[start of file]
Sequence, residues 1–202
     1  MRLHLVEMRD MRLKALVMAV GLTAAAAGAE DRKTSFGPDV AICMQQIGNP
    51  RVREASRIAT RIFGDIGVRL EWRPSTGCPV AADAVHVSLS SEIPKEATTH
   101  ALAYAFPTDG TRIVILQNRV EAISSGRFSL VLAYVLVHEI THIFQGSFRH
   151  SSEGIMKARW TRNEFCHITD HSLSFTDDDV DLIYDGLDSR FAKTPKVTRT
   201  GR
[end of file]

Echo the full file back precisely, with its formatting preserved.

Sequence, residues 1–202
     1  MRLHLVEMRD MRLKALVMAV GLTAAAAGAE DRKTSFGPDV AICMQQIGNP
    51  RVREASRIAT RIFGDIGVRL EWRPSTGCPV AADAVHVSLS SEIPKEATTH
   101  ALAYAFPTDG TRIVILQNRV EAISSGRFSL VLAYVLVHEI THIFQGSFRH
   151  SSEGIMKARW TRNEFCHITD HSLSFTDDDV DLIYDGLDSR FAKTPKVTRT
   201  GR